The reason banks haven't passed on NIRP to depositors is essentially two-fold. First, banks want to avoid damaging customer relationships for as long as absolutely possible. Second - and more importantly - banks have found other ways to offset negative rates. Here's Detusche again: "The SNB have noted that the consequence of introducing negative rates earlier this year was rising, not falling, mortgage rates as banks sought to protect falling liability margins by raising long-end rates. In a similar vein, Danish banks appeared to raise administration fees on new mortgages after rates first turned negative back in 2012."
Well this can only go on for so long and sure enough, as AFP reports, "a tiny Swiss bank specialised in financing social and environmental projects will on January 1 go where no retail lender has gone before, applying negative interest rates on individual clients." Here's more:
The Alternative Bank Schweiz (ABS) caused shockwaves with a letter sent to all clients in mid-October informing them that it would begin imposing interest charges on deposits in 2016.
For current accounts, the bank said it would impose a -0.125-percent rate, while slapping a -0.75-percent rate on client deposits higher than 100,000 Swiss francs ($98,650, 92,420 euros).
So far individual depositors have been shielded from the burn of decisions by several central banks, including Switzerland's, to introduce negative interest rates to light a flame under growth or ward off unwanted currency investors.
ABS, which grew out of the ideals the 1960's protest movement, justified the unprecedented development by saying it would provide manoeuvering room for financing "meaningful projects".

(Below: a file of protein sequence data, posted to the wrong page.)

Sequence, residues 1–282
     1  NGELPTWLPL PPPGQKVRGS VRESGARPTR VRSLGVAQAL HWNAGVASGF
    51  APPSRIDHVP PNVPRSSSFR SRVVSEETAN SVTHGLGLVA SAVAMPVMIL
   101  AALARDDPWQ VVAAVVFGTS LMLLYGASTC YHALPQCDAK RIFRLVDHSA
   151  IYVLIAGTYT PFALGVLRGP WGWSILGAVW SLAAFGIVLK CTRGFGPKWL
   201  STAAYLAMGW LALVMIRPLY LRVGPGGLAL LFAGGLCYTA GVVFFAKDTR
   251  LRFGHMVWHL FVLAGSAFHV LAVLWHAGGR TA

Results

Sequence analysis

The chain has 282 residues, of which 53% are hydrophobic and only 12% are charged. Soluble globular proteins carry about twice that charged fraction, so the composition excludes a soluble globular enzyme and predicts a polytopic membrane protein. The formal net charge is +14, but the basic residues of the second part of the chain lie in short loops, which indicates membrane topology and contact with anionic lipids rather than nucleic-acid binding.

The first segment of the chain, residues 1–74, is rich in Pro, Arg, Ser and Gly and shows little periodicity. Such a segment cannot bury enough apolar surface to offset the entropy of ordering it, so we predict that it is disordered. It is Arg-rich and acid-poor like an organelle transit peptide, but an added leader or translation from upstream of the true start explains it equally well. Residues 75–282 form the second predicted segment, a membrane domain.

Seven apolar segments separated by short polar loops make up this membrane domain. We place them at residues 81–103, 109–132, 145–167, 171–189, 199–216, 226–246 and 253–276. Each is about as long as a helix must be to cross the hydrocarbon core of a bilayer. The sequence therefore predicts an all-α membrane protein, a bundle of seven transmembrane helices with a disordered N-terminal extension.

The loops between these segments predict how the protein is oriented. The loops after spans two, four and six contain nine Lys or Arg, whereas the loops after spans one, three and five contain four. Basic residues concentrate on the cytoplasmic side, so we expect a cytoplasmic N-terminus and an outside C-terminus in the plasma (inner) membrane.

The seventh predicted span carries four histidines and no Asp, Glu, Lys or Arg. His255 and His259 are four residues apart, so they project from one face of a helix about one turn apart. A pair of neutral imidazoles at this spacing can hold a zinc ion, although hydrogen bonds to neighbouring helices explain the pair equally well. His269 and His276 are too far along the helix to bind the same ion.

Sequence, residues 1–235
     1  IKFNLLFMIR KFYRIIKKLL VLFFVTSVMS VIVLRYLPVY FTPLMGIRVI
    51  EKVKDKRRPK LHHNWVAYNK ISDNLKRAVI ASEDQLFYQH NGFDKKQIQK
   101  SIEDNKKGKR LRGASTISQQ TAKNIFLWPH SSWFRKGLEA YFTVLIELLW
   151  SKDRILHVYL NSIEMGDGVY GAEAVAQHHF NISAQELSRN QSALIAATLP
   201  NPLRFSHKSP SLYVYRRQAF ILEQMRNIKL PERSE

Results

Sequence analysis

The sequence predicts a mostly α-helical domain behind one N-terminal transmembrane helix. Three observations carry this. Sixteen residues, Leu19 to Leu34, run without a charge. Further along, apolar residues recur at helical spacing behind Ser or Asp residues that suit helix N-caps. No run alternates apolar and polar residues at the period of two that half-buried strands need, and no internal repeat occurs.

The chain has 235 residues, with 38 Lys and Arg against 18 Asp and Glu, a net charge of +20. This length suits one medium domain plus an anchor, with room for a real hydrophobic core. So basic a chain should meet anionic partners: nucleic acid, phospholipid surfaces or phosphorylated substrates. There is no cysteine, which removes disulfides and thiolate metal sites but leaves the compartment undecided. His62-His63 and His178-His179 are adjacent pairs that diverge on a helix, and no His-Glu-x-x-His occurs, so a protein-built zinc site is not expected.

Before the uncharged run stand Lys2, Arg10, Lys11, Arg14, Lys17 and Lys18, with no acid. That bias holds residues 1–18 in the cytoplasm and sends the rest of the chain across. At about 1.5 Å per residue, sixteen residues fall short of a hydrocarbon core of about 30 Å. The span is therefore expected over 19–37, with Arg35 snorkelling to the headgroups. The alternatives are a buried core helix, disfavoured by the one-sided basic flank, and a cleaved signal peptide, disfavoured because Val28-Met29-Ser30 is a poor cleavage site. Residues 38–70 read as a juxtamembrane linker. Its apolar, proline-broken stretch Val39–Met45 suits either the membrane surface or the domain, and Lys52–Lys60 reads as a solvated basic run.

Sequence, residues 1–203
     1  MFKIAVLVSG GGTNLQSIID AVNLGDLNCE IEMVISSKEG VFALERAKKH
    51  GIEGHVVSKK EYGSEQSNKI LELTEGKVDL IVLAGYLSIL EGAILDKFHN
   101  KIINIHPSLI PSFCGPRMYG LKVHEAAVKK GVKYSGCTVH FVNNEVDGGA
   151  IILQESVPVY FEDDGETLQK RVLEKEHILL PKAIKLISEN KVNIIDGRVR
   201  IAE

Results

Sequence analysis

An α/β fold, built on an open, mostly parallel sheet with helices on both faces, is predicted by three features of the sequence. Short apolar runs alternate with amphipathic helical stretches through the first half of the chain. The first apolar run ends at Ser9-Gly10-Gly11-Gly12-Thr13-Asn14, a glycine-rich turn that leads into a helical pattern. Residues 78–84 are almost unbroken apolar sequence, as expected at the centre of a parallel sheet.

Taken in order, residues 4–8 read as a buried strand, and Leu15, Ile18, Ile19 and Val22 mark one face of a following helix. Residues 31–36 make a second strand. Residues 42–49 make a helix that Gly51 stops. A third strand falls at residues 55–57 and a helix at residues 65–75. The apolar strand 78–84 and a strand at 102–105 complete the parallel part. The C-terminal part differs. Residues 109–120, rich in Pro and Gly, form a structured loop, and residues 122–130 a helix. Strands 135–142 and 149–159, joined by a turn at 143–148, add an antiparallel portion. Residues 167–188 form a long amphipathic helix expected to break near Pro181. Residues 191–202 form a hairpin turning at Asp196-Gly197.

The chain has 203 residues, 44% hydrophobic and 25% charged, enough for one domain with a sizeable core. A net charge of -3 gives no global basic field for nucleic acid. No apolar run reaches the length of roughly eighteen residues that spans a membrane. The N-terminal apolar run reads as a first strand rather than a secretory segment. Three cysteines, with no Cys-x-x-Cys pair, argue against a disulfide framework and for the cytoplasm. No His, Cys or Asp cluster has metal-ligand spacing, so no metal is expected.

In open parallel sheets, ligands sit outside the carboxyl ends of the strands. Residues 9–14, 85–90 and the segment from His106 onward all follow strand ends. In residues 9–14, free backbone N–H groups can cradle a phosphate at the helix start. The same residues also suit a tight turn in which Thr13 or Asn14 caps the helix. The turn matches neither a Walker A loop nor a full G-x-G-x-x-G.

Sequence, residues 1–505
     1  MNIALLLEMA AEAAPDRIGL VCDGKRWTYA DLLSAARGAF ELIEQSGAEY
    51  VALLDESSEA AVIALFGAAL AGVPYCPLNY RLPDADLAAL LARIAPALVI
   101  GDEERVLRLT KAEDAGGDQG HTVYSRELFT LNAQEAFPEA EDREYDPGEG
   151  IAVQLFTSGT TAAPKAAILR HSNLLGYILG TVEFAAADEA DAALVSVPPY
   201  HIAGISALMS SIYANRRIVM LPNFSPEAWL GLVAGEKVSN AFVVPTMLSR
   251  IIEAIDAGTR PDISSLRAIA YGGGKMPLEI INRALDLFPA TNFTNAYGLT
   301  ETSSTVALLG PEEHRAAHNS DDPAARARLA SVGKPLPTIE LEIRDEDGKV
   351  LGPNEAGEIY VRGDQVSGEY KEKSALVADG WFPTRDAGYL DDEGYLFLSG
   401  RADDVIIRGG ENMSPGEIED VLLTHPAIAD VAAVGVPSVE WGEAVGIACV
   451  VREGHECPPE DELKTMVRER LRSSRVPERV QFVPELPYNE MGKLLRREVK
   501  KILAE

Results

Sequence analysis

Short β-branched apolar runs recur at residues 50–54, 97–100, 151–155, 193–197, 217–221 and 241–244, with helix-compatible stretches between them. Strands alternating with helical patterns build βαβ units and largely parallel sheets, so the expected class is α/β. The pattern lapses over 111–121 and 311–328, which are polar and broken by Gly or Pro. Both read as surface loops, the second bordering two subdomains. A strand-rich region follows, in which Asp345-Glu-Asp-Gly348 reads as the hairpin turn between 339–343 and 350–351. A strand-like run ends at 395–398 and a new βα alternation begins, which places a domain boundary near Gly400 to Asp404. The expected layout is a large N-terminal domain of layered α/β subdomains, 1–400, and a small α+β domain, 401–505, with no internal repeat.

The move did not go unnoticed in Swiss financial circles as banks in the wealthy Alpine nation search for ways to deal with the negative rates imposed on them by the central bank in January.
"This decision on negative rates is costing us a lot of money -- pretty much the equivalent of our entire annual profit last year," ABS chief Martin Rohner told AFP.
Who's set to suffer you ask? Well, Greenpeace for one, and a whole host of other socially responsible companies. "Based in the central town of Olten, ABS counts the Swiss branch of environmental group Greenpeace and the Swiss Green Party among its founding organisations," AFP continues, adding that "other projects it has backed include a youth circus and a company creating a new kind of electric bicycle."
What's the world coming to when central banks' NIRP adventures mean youth circuses and green bicycle makers have to pay the bank interest on their deposits?
Anyway, it's not about ABS' individual clients (although we're sure some readers will find it amusing that a socially responsible lender was the first bank to charge individual accounts for deposits), but rather what that lender's decision means for depositors in NIRP countries as a whole, and on that note, we'll close with one last quote from Rohner:
"Some of ABS's clients had voiced fears the move would open the door for big banks to start applying negative rates on individuals."